The Role of T-Cells in Cancer

T-cells are a subtype of white blood cells which play a key role in the immune system and fighting cancer. Let's break down the immune system into parts to make it easier to understand.

Artistic rendering of a cancer cell surrounded by smaller T-cells, or T-lymphocytes.
JUAN GARTNER / Getty Images

There are 2 primary types of white blood cells (leukocytes): lymphocytes and granulocytes.

Lymphocytes, in turn, are broken down into:

Type of Immunity

Our bodies have 2 primary types of acquired immunity:

  • Cell-mediated immunity
  • Humoral immunity

T-cells are part of the body's cell-mediated immunity, the part of the immune system which you can envision as directly killing bacteria, viruses, and cancer cells. The other type—humoral immunity—protects our bodies from these invaders by making antibodies.

Types of T-Cells

There are several types of T-cells, including the following:

  • Cytotoxic T-cells: Cytotoxic T-cells find and directly attack foreigners such as bacteria, viruses, and cancer cells.
  • Helper T-cells: Helper T-cells recruit other immune cells and organize an immune response.
  • Regulatory T-cells: Regulatory T-cells are thought to suppress the immune system so that it doesn't overreact (as it does in autoimmune diseases), however central aspects of the biology of these cells remain shrouded in mystery and continue to be hotly debated.
  • Natural killer T-cells: Natural killer T-(NKT)-cells are not the same thing as natural killer cells, but they do have similarities. NKT cells are cytotoxic T-cells that need to be pre-activated and differentiate to do their work. Natural killer (NK) cells and NKT cells are subsets of lymphocytes that share common ground. Both can rapidly respond to the presence of tumor cells and participate in anti-tumor immune responses.
  • Memory T-cells: Memory T-cells remember markers on the surface of bacteria, viruses, or cancer cells that they have seen before.

Production, Storage, and Availability

After they are produced in the bone marrow, T-cells spend some time maturing and developing in an organ in the chest called the thymus—this is why they are named T-cells, which stands for thymus-derived cells. After maturation, T-cells are present in the blood and in lymph nodes.

T-Cell Function in Cancer

T-cells play a large role in our fight against cancer. It can be very confusing to talk about T-cells, especially when talking about cancers such as lymphoma, so we'll look at ways that T-cells work to fight cancer and how they may be affected by cancer. To get rid of cancer, even if there are enough T-cells, they first have to "see" cancer.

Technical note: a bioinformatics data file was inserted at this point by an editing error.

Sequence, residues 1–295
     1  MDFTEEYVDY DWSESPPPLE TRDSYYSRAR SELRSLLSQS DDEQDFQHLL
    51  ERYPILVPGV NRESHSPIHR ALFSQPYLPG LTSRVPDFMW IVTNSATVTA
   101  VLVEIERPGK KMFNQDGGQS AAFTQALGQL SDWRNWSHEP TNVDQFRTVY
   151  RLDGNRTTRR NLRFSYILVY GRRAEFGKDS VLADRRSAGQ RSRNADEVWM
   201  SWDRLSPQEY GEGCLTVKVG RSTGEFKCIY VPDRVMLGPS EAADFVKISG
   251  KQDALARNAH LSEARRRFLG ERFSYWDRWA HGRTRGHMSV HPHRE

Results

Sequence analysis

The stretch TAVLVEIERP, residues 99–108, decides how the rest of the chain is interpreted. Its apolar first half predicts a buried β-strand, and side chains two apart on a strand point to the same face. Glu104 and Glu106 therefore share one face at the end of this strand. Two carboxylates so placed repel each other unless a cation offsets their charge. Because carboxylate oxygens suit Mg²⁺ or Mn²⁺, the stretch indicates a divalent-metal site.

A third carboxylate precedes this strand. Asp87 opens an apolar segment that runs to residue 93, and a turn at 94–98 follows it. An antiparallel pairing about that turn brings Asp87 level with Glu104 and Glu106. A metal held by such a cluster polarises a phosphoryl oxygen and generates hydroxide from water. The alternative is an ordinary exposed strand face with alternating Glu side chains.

Ways in Which T-Cells Work to Fight Cancer

T-cells work in both direct and indirect ways to fight cancer.

  • Killer T-cells kill cancer cells directly. These cells first find cancer cells and can also be stimulated to kill cancer cells.
  • Helper T-cells fight cancer indirectly. These cells organize and orchestrate the fight against cancer.

Ways in Which T-Cells Are Affected by Cancer

  • Direct involvement in cancer: In cancers such as T-cell lymphoma, the T-cells themselves are cancerous.
  • Bone marrow takeover: Lymphomas and other cancers which spread to the bone marrow crowd out healthy stem cells in the bone marrow (precursors of T-cells) resulting in the depletion of T-cells.
  • Destruction due to chemotherapy: Chemotherapy can directly deplete T-cells and other white blood cells.


A newly emerging research therapy involves re-engineering a patient’s T-cells so that they can recognize and kill cancer cells. This type of therapy, called chimeric antigen receptor-T (CAR-), has shown promising results in leukemia and lymphoma and is currently FDA-approved for certain subtypes of these conditions.

The Cancer-Immunity Cycle

T-cells are part of what is known as the cancer-immunity cycle.

As cancer cells die, they release antigens, substances that can be recognized by the immune system. Antigens from the cancer cells are then taken up and presented on the cell surface of special immune cells called antigen-presenting cells (APCs) so that other immune cells can “see” the antigens of interest. In the lymph nodes, the APCs activate the T-cells and teach them to recognize the tumor cells. The T-cells then travel via the blood vessels to reach the tumor, infiltrate it, recognize the cancer cells and kill them.

5 Sources
Verywell Health uses only high-quality sources, including peer-reviewed studies, to support the facts within our articles. Read our editorial process to learn more about how we fact-check and keep our content accurate, reliable, and trustworthy.
  1. Zaini RG, Al-rehaili AA. The Therapeutic Strategies of Regulatory T Cells in Malignancies and Stem Cell Transplantations. J Oncol. 2019;2019:5981054.  doi:10.1155/2019/5981054

  2. Martínez-lostao L, Anel A, Pardo J. How Do Cytotoxic Lymphocytes Kill Cancer Cells?. Clin Cancer Res. 2015;21(22):5047-56.  doi:10.1158/1078-0432.CCR-15-0685

  3. Mycosis fungoides. Genetics Home Reference. US National Library of Medicine. January 2020.

  4. CAR T Cells: Engineering Patients’ Immune Cells to Treat Their Cancers. National Cancer Institute. July 2019.

  5. Chen DS, Mellman I. Oncology meets immunology: the cancer-immunity cycle. Immunity. 2013;39(1):1-10.  doi:10.1016/j.immuni.2013.07.012

Additional Reading
  • American Cancer Society. What’s New in Cancer Immunotherapy Research? 11/05/15.
  • Chen, D., and I. Mellman. Oncology Meets Immunology: The Cancer Immunity Cycle. Immunity. 2013. 39(1):1-10,25.
  • Chen, D., Irving, B., and F. Hodi. Molecular Pathways: Next Generation Immunotherapy – Inhibiting Programmed Death-Ligand 1 and Programmed Death-1. Clinical Cancer Research. 2012. Doi:10.1158/1078-0432.CCR-12-1362.

By Indranil Mallick, MD
 Indranil Mallick, MD, DNB, is a radiation oncologist with a special interest in lymphoma.